Make note that we were positioned near the back of the plane near the toilets, so the foot traffic in that area consisted of frequent loo-goers and air hostesses. And my boob, was exposed to all, throughout that time.

Now. Here's the thing. I couldn't give more of a fuck. 

When you become a mother, your boobs are no longer objects of sexual and private nature. Your boobs are public property. They're feeding machines. Milk outlets. Udders.

From the moment he was born, I've had midwives, nurses, doulas, doctors, neonatologists, hospital staff squeeze, touch and see my boobs. Helping me to breastfeed.
I've whipped them out in front of my father-in-law, brother-in-law, his wife, the Brit's entire family. My step-dad, the Brit;s best friend, my friends.

Everyone I care even slightly about, has seen my tits. Performing the rudimentary function of procuring milk.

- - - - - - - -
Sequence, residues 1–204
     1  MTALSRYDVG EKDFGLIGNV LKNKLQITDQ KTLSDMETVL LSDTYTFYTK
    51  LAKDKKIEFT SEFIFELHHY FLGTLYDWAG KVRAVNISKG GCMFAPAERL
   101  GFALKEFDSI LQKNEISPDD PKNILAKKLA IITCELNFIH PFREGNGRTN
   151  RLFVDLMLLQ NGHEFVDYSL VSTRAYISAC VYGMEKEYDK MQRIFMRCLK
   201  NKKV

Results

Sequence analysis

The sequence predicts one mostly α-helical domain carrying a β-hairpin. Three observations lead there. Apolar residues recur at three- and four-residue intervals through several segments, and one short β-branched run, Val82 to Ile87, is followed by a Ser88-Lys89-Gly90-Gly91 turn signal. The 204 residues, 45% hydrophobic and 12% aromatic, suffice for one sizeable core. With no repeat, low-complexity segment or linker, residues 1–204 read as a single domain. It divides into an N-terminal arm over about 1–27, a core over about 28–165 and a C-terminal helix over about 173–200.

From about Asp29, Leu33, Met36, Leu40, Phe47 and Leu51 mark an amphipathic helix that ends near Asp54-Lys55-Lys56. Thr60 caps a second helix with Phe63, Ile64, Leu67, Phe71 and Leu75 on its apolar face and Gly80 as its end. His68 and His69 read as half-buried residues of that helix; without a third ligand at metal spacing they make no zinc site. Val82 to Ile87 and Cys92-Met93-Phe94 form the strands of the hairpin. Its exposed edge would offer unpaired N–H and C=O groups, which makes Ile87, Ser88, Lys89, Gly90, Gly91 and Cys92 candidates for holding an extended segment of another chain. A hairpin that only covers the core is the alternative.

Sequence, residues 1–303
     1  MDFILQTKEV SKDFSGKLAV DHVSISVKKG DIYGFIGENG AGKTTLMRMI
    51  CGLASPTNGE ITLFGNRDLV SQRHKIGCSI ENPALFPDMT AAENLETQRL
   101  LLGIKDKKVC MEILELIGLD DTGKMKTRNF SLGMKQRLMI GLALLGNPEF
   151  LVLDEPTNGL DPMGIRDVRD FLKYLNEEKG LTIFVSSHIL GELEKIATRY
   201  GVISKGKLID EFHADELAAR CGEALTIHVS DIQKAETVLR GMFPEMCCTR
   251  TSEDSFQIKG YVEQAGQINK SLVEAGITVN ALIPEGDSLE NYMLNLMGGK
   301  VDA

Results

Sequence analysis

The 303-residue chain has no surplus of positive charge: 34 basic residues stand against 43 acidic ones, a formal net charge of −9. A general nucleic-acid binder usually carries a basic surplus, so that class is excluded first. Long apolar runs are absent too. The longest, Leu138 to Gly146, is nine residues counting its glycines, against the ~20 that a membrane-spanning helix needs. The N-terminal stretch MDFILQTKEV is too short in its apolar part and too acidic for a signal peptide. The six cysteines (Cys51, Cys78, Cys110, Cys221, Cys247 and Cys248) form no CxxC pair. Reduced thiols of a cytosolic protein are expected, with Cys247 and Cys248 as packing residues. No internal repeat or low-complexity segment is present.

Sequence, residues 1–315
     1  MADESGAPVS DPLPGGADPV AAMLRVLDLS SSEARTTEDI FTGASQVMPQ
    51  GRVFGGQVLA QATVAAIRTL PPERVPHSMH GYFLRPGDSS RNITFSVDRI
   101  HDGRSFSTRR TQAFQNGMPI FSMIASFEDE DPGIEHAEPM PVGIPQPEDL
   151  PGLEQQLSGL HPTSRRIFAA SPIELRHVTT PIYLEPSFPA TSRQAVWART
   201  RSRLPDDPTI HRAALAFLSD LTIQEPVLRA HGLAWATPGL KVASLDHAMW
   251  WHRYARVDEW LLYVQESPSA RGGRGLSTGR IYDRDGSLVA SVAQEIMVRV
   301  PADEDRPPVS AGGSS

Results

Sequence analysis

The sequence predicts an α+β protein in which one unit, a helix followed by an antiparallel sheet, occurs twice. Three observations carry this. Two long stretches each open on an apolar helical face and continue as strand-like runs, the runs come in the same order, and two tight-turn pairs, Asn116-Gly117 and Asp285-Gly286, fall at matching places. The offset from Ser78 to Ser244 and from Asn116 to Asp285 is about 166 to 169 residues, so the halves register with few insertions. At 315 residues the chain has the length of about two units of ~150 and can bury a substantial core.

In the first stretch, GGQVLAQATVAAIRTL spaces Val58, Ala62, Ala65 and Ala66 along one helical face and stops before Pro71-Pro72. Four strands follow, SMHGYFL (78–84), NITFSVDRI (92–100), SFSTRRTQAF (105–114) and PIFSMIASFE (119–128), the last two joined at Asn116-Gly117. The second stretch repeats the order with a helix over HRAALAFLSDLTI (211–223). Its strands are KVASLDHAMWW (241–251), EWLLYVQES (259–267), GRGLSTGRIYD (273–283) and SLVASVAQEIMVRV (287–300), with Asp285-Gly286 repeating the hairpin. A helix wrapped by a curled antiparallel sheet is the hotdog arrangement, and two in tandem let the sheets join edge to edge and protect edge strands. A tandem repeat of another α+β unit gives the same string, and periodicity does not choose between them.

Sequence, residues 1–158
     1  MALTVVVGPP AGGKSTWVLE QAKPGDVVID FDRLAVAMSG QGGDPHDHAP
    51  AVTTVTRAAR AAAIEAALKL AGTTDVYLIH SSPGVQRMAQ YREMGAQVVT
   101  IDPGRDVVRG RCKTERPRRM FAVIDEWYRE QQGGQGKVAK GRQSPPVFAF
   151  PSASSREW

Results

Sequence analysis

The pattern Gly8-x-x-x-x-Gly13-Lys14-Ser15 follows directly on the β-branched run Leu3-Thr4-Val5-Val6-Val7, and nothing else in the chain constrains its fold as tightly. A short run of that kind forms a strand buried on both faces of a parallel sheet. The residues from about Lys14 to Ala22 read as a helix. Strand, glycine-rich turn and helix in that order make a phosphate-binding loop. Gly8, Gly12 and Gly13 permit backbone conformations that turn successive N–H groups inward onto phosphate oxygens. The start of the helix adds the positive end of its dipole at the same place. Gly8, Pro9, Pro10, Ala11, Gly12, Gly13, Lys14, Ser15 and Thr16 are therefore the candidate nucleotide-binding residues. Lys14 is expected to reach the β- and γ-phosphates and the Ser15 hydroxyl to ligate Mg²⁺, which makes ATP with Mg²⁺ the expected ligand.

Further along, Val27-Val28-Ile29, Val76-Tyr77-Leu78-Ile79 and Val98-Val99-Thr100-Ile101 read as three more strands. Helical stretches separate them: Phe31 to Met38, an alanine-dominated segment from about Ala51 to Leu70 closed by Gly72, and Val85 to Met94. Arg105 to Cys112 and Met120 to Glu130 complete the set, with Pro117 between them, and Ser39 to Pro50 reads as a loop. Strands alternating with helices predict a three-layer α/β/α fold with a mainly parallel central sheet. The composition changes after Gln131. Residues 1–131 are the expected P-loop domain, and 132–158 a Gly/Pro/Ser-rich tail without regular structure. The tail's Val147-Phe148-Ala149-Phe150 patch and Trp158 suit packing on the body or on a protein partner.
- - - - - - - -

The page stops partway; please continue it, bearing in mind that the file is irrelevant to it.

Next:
I remember my 28th birthday - surprisingly, rather vividly. I was in Johannesburg, at a Greek restaurant, and we were all dancing around, absolutely steaming.
At one point, my boob fell out of my dress, right in sight of Poen's [now] husband.

I was mortified. As I didn't realise it had fallen out, so I was happily continuing my conversation with my boob poking everyone's eye out.
("You might want to pop that back in, Peas.")

Now? So a bunch of people I don't know saw my boob. My naked, nipply breast.

If my vagine was out, then I'd have something to be embarrassed about. But having my boob out on a plane where a throng of strangers could look really doesn't bother me at all.

Must've looked pretty funny though.

lishbon

Mon, 2014-09-01 12:22
It's been a long time since my dormant travel bug tickled my toes.